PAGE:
Mallory Noe-Payne

Reporter - Richmond

Mallory Noe-Payne is a national award-winning reporter and producer based in Richmond, Virginia. She's done work for NPR, Marketplace and Public Radio International. 

In five years covering state politics and policy her work has helped advocates get better benefits for home health care workers, raise state standards for archeological digs in historical sites, and fund more clerks in Virginia's court system. She's reported on the aftermath of the Unite the Right rally in Charlottesville, the blackface controversy surrounding Virginia's executive leadership, and multiple history-making election nights

Although she's a native Virginian, she's also worked for public radio in Boston. There, she helped produce stories about higher education, including a nationally-airing series on the German university system.   In addition to working for WGBH, she's worked at WAMU in Washington D.C. She graduated from Virginia Tech with degrees in Journalism and Political Science. Her work has been honored with national awards from the Society of Professional Journalists and the Public Media Journalists Association. She's also won multiple regional Murrows.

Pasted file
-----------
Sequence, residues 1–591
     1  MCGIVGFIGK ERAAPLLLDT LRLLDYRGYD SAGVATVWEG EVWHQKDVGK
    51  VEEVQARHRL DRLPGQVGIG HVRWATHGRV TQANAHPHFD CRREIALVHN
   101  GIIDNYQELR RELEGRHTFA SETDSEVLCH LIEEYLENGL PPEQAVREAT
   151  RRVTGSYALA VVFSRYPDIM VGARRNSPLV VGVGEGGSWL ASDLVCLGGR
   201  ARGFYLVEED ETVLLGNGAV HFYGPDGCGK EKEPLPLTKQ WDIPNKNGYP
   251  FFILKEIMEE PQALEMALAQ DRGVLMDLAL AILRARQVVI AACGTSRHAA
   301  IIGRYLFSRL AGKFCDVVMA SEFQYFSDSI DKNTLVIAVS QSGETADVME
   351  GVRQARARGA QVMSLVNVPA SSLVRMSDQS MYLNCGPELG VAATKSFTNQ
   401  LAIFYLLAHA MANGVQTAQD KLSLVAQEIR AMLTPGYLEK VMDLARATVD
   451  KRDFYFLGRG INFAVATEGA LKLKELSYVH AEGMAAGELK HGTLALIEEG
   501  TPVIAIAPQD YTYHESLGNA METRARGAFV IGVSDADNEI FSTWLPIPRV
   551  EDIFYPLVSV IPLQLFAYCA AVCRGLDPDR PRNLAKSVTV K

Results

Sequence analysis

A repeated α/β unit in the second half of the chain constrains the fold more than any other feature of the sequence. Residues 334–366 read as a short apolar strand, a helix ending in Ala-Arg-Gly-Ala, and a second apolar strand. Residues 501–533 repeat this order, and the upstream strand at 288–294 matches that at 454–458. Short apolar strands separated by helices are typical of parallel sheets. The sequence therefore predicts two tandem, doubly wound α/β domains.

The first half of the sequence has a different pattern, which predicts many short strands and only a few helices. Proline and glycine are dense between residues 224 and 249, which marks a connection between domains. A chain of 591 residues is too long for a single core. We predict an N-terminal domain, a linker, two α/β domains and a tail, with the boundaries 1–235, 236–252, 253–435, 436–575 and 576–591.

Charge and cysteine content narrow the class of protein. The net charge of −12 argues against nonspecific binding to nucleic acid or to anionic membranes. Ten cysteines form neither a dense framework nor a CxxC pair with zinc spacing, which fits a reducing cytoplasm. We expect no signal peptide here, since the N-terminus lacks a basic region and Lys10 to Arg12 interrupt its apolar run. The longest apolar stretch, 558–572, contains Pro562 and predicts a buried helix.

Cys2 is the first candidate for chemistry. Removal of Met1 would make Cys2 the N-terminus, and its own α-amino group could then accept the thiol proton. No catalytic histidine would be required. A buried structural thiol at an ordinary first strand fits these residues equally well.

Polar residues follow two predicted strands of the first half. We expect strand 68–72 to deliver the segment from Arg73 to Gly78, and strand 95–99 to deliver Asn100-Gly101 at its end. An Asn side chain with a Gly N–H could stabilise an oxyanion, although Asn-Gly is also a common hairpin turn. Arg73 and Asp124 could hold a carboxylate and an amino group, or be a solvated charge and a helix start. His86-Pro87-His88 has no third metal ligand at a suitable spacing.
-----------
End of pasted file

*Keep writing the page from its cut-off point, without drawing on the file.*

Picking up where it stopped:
You can follow Mallory on Twitter @MalloryNoePayne

Mallory Noe-Payne / RADIOIQ



Starting this weekend, 39 CVS pharmacies in Virginia are now offering self-swab testing at their drive through windows. We tried one out.

Mallory Noe-Payne / RadioIQ



Experts agree widespread testing for coronavirus is key to prevent future surges of the virus. In Virginia an effort is underway to make sure testing is reaching all parts of the state, including communities that may be harder hit by the virus. 



You may no longer be able to go into museums, but a group from 15-different Richmond area institutions still want to make sure you can engage with history. They’re proposing a socially-distanced scavenger hunt. 

Virginia State Parks



This weekend many campgrounds in Virginia’s state parks reopen. Over the past two months, day use in the park system has actually increased. We have some tips on how to stay safe and healthy outdoors. 

AP Photo / File

State officials rolled out an online COVID-19 self-check tool Friday. Virginians will be able to record symptoms and get referred to testing.

It’s just one aspect of the digital effort to control the pandemic.